Rohan Kundargi Wants You (Yes, YOU) To Help Him Build A Stronger Community

By Kate Stringer

“I’m really passionate about what I do, but I also get really emotional about it.” Rohan Kundargi warns me as we sit down to discuss his new role as K-12 Community Outreach Administrator at MIT’s Office of Government & Community Relations. He needn’t have worried—what was portrayed as histrionic ardor for subjects like STEM learning, education reform, and public service actually comes across as warm, effusive enthusiasm, powered by deeply held convictions. In a broad-ranging conversation early last December, we discussed everything from erasing barriers between high school and college to the importance of reciprocity in institutional relationships, to the differences between Western Washington (what everyone thinks the state looks like—Seattle) and Eastern Washington (“basically Idaho”).

Joining the Community and Government Relations team in mid-September of 2018, Kundargi sees his role as a natural extension of his previous job at Gonzaga University in Spokane, Washington, where he served for two years as Science Coordinator, a position created to bring Gonzaga’s K-12 STEM resources into the service of the local community. Though he speaks with great affection for his time in Washington, Kundargi is thrilled to be back on the East Coast and to tackle the challenges presented by his new role. He admits that the intensity at the Institute can be a little daunting, “I’m still getting used to the MIT-ness of everything,” but recognizes that it is uniquely placed to effect change in the educational landscape: “MIT is a role model for other universities… I would like to think that [if we start something], other universities will follow.” He’s also aware that his new home base offers a wealth of opportunities that are unique to this area. With the outsized number of universities based in Greater Boston, it’s easy to find people who share a commitment to and enthusiasm for effecting positive change in U.S. schools. It’s a privileged position to be in, which Kundargi says he didn’t realize until he left the area right after graduate school.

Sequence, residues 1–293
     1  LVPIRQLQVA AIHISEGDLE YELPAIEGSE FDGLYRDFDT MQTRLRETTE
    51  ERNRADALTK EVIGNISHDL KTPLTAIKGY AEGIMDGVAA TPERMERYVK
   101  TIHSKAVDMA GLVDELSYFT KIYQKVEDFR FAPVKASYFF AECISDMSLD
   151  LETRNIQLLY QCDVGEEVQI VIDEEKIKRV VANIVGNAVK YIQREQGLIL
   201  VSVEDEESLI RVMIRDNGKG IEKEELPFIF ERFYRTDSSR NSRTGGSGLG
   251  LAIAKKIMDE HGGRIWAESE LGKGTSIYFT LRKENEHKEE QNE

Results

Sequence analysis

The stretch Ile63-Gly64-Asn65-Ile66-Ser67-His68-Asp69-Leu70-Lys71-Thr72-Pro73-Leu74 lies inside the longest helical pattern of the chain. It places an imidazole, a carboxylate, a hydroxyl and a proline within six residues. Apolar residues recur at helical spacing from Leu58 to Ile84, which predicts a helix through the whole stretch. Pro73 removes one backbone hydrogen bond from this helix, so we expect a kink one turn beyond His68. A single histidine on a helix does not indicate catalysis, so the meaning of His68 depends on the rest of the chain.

For Kundargi, who received his Ph.D. in Earth Science from Boston University in 2016, the move to MIT could be considered a homecoming on many levels. His fiancée is from the area and they had hoped to move to either Massachusetts or California (where Kundargi grew up) to be near family. But the Greater Boston area could also be considered his vocational birthplace. It was while completing his degree across the river that he first discovered a passion for pre-college STEM education. Struggling with organizational changes in his Ph.D. program, he found teaching provided a way to fund his studies. A National Science Foundation program called the GK-12 STEM Fellows offered to pay for his final year of graduate school in exchange for a year of co-teaching a 7th grade class at Broad Meadows Middle School in Quincy. Within a month, he says, he realized that “the program was giving [him] a reason to get up in the morning.”